Back in April 2013, the city of Boston was on edge. Someone had blown up the finish line at the Boston Marathon on Monday the 15th, and two days later, on Wednesday April 17, police still hadn’t announced whether or not they had any suspects. Reports filed days later show they were making progress. Acting on a tip from a man who lost a leg in the bombing, and using data from the many private and public surveillance cameras that blanket the area on Boylston street, investigators zeroed in on the man they called ‘Suspect 2’. That was Wednesday afternoon.
“[F]acial-recognition software did not identify the men in the ball caps. The technology came up empty even though both Tsarnaevs’ images exist in official databases: Dzhokhar had a Massachusetts driver’s license; the brothers had legally immigrated; and Tamerlan had been the subject of some FBI investigation.” Tamerlan had also been arrested in Massachusetts on a 2009 domestic violence charge; his photograph was therefore in the FBI’s own CJIS database.
The expensive, potentially privacy destroying biometrics tool failed to work when it counted the most. Now, Iowa republican Senator Chuck Grassley suspects the FBI is hiding something about what it knew, and when.
In a letter to the bureau, the Boston Herald writes, Grassley asked “what feds did to attempt to ID the Tsarnaevs before publishing their photos, and why FBI agents were spotted conducting surveillance near Central Square on April 18 — just hours before authorities say the brothers ambushed and murdered MIT campus cop Sean Collier.” Grassley’s letter questions whether the FBI knew who the Tsarnaevs were before their images were released to the public.
The FBI strongly denies prior knowledge of the suspects. In a statement, the bureau wrote: “To be absolutely clear: No one was surveilling the Tsarnaevs and they were not identified until after the shootout. Any claims to the contrary are false,” [emphasis mine].
It might be true that the FBI didn’t know who the Tsarnaevs were until after the photographs were released to the public, but prior reporting quoting federal officials suggests that the bureau’s above statement is false. Again, the Washington Post:
Once the photos of the men in caps were made public Thursday, the FBI tip line filled with calls, including one from the brothers’ aunt, who provided her nephews’ identity, according to federal law enforcement officials.
Either the FBI didn't know the Tsarnaevs' identities until 'after the shooting,' or they got a tip from the suspects' aunt on Thursday evening. Both of those things cannot be true.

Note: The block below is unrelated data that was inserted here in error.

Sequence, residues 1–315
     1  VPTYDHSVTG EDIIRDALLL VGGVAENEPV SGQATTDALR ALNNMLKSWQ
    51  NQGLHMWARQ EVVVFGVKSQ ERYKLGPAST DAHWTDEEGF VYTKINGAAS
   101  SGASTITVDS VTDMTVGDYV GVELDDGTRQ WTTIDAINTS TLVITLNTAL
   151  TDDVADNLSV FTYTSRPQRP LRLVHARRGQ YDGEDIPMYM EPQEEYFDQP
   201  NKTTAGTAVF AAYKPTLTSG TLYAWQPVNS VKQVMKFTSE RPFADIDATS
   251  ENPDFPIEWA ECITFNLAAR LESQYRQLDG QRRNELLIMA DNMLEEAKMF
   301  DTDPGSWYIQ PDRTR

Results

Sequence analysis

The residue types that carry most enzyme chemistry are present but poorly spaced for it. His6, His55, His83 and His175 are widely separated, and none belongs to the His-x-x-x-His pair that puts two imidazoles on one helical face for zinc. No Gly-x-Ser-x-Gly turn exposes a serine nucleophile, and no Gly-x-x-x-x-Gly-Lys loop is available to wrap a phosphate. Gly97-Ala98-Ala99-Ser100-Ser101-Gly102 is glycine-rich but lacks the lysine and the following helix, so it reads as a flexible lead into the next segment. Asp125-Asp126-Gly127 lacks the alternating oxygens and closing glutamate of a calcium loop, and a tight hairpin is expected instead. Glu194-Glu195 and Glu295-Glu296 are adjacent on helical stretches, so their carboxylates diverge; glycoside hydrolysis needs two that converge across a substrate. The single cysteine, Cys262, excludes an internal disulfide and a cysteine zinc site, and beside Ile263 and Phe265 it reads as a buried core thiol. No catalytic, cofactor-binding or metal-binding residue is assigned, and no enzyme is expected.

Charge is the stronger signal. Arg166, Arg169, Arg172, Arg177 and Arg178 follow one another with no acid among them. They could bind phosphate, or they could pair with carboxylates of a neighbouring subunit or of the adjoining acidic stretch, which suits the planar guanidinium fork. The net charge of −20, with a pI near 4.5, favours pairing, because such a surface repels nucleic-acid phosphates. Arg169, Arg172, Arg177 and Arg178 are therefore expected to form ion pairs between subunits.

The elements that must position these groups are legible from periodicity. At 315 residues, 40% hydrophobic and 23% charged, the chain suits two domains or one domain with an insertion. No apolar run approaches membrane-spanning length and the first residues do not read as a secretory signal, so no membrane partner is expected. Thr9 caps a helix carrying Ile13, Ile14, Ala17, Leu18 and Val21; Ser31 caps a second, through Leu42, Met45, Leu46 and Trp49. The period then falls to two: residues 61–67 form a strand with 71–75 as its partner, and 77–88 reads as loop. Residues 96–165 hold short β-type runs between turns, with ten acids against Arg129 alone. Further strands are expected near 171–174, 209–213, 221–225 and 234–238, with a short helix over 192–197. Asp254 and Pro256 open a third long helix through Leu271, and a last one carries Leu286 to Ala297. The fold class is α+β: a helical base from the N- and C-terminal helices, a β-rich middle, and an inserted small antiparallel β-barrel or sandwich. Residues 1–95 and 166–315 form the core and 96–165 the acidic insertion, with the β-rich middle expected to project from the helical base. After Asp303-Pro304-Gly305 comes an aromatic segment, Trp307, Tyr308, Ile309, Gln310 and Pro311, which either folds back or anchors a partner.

Regarding the mysterious appearance of JTTF agents near the site of the shooting death of MIT police officer Sean Collier just hours before he was killed, the FBI says its people were “at M.I.T., located in Cambridge, MA, on April 18, 2013, on a matter unrelated to the Tsarnaev brothers.” The younger Tsarnaev is being charged with the murder of the MIT officer, although little to no evidence has emerged connecting him or his brother to the killing.
Senator Grassley told the Herald that his office has not yet received a response to his letter from the FBI. Perhaps the letter will do more to explain the strange coincidence that placed FBI agents at the scene of the Collier murder hours before it happened, and fill in the details about how investigators attempted -- and failed -- to identify the Tsarnaevs using face recognition technology.
That latter question has implications for everyone in the United States.
The government is spending billions of dollars to construct a giant biometrics warehouse, and to implement face recognition technology at state and local police departments nationwide. But when the technology could have been most useful to the people of Boston, it failed.
In September, Boston Police commissioner Ed Davis gave a speech to UMass Lowell students. He said that in a free society, police fundamentally cannot ensure perfect security. “Everybody asks me what we could do to stop this. Do we need more cameras? Is there a computer system? Is there a piece of software to identify suspects? None of those things would work,” Davis said.
He’s right. The billions of dollars spent on so-called ‘counterterrorism’ preparedness in the United States since 9/11 didn’t do squat to stop the Boston Marathon attacks. And while the money spent on rescue training helped first responders coordinate and execute a truly impressive operation to save lives after the attack, privacy-invasive technologies like face recognition utterly failed to help investigators identify their suspects. Old fashioned police work, like interviewing the survivors of the attack, pointed them in the right direction.
In addition to providing answers to Senator Grassley's questions about what it knew, and when, the FBI should explain why it is spending billions to implement biometrics technology that clearly doesn't work.